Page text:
When I hike alone, the most important thing is to tell someone you are gone. I text a photo of my vehicle with license plate and a general idea of where I expect to hike. They can call the rangers if they don't hear from me by dark thirty but it has never come to that. This is the smokies where I expect to return to phone range. In the Adirondacks, alert someone where you are staying as cell service is very spotty.
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Old 09-19-2017, 11:20 AM
 
16,258 posts, read 8,867,405 times
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If your smartphone has a compass and a GPS mapping application, make sure you know how to use them. Google Maps has an option to save the map to your phone so you have it even if there is no reception.

For a 5 mile walk? Check the weather. Make sure you have adequate clothing for the next 8 hours.

I'm assuming someone who has not hiked trails before is not going to pick a challenging trail. In mild temperatures, shorts, a short sleeve shirt, and running shoes or similar is just fine. I saw people doing the Grand Canyon rim-to-rim hike in flip flops. I hike in hiking shoes, not boots. I own a few pairs of boots but that's for the winter to keep the snow out, not for ankle support.

What to bring kind of depends on where you're going. I always bring water. I always bring one of those little red 100% DEET bottles. That's enough to do 5 miles and up & down a couple thousand feet of vertical.
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Old 09-19-2017, 01:02 PM
bg7
 
7,697 posts, read 8,599,528 times
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Quote:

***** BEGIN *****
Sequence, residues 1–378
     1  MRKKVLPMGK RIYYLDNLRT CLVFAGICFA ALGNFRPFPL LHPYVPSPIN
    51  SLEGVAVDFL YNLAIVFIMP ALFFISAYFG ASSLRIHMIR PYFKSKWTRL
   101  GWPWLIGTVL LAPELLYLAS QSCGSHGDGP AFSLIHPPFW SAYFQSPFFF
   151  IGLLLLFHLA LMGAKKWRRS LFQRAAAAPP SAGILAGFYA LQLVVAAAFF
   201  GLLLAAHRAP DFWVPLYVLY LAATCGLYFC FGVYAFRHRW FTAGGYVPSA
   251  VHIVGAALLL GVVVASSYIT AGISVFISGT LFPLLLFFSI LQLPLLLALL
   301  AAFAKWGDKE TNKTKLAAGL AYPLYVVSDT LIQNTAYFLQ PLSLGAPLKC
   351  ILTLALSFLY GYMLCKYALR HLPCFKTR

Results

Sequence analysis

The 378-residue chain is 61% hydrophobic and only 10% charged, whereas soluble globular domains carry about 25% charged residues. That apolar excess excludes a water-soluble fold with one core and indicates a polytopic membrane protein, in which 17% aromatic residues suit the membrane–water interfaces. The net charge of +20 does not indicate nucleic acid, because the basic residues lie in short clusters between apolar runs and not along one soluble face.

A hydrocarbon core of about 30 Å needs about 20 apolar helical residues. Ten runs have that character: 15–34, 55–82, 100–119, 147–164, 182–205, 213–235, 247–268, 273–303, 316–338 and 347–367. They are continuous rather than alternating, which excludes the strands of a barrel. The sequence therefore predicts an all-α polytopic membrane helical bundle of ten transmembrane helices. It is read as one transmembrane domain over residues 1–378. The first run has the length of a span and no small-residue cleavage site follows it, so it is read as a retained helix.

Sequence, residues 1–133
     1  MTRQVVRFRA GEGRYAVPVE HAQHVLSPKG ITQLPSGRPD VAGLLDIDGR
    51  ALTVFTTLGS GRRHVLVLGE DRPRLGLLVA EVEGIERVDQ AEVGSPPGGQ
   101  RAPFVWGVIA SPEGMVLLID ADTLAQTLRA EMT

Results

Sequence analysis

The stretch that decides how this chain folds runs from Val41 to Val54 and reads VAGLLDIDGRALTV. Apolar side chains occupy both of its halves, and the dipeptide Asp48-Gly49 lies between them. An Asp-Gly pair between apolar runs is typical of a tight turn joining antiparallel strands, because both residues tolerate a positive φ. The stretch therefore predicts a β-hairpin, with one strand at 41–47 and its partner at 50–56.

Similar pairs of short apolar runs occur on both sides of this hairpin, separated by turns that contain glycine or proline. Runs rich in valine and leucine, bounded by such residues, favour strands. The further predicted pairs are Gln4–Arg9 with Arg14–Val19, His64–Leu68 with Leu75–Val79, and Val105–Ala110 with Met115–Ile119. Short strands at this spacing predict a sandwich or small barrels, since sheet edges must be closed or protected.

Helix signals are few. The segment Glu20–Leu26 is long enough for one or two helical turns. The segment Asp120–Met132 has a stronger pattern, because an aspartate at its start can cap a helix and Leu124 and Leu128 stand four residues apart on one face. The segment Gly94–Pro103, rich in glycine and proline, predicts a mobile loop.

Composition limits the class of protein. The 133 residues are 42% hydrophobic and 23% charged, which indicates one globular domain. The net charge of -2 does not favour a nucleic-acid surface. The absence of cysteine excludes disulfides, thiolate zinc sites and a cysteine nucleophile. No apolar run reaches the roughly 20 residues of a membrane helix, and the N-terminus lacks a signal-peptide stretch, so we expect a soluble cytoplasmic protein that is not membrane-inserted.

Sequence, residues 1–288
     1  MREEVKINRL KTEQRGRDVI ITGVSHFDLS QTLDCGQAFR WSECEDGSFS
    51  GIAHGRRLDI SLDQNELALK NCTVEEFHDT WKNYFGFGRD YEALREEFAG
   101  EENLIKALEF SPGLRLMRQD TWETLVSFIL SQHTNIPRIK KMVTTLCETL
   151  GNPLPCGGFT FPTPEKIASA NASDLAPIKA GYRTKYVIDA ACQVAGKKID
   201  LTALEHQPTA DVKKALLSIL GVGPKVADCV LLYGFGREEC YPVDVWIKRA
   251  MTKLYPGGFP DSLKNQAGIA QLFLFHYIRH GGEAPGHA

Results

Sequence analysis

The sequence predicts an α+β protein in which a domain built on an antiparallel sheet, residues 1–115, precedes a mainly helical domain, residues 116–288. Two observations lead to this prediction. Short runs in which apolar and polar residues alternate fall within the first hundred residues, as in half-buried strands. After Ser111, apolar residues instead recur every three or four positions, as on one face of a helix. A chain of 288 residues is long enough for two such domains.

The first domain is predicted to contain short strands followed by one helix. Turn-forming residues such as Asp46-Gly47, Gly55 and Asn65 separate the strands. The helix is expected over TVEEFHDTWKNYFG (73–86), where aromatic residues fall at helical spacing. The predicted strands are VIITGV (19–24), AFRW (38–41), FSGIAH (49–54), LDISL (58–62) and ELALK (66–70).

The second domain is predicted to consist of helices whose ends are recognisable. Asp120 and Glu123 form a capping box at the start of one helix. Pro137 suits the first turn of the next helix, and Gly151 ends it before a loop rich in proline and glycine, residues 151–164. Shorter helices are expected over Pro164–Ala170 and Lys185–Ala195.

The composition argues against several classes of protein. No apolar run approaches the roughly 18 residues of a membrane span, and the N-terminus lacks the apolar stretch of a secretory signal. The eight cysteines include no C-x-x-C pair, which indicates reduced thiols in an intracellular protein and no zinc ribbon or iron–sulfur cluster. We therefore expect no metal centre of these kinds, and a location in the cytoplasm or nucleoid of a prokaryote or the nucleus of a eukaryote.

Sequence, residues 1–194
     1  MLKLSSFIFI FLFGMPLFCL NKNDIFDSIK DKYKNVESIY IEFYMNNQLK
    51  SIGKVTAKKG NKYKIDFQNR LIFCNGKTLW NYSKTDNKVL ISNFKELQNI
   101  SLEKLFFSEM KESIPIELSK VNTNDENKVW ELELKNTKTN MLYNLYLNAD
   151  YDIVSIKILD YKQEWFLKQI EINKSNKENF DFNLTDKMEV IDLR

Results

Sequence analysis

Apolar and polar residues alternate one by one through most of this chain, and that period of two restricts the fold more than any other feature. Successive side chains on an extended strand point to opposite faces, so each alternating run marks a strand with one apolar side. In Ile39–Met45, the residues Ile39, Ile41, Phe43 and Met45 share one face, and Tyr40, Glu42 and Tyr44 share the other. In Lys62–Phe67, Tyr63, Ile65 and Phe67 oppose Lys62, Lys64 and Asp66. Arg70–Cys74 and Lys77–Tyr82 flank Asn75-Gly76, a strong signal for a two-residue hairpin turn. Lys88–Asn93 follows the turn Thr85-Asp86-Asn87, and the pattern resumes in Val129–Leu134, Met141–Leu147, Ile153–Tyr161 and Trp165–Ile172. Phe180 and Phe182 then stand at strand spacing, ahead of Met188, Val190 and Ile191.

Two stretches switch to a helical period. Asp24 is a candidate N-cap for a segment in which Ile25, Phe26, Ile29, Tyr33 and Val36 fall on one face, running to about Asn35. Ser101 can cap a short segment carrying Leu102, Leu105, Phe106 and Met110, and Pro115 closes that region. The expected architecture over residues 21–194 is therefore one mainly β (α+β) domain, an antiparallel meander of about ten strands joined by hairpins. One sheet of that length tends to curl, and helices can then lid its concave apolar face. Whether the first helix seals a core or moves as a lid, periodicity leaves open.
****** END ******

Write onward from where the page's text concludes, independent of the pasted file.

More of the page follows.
Originally Posted by Aredhel View Post
A tip to help with this: when you come to a junction in the tail, or pass a significant landmark, stop for a moment and turn around and look back the way you came. Take a good, long look, so you'll recognize that junction/feature when you're hiking back down. The trail looks different going up than it does coming down!



This is an important tip
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Old 09-19-2017, 03:24 PM
 
14,260 posts, read 14,305,703 times
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water
protein snacks like fruit and nuts
sunscreen
always have one of those silver thin folded up emergency wrap up thingies in your day pack
many thin layers you can take on and off
hat
whistle
bells on a wrist or ankle strap
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Old 09-20-2017, 05:56 PM
 
1,611 posts, read 756,326 times
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Quote:
Originally Posted by GeoffD View Post
If your smartphone has a compass and a GPS mapping application, make sure you know how to use them. Google Maps has an option to save the map to your phone so you have it even if there is no reception.

For a 5 mile walk? Check the weather. Make sure you have adequate clothing for the next 8 hours.